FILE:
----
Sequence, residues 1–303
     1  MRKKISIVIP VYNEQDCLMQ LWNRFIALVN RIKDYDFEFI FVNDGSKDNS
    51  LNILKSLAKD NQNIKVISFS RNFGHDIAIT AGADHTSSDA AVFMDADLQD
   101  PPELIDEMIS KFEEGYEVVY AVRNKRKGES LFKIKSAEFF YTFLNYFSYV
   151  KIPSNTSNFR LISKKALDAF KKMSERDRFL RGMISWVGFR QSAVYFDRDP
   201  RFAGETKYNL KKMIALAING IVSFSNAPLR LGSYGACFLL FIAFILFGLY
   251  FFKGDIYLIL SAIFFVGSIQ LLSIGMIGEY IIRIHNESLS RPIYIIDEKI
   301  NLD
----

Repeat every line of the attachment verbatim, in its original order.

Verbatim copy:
Sequence, residues 1–303
     1  MRKKISIVIP VYNEQDCLMQ LWNRFIALVN RIKDYDFEFI FVNDGSKDNS
    51  LNILKSLAKD NQNIKVISFS RNFGHDIAIT AGADHTSSDA AVFMDADLQD
   101  PPELIDEMIS KFEEGYEVVY AVRNKRKGES LFKIKSAEFF YTFLNYFSYV
   151  KIPSNTSNFR LISKKALDAF KKMSERDRFL RGMISWVGFR QSAVYFDRDP
   201  RFAGETKYNL KKMIALAING IVSFSNAPLR LGSYGACFLL FIAFILFGLY
   251  FFKGDIYLIL SAIFFVGSIQ LLSIGMIGEY IIRIHNESLS RPIYIIDEKI
   301  NLD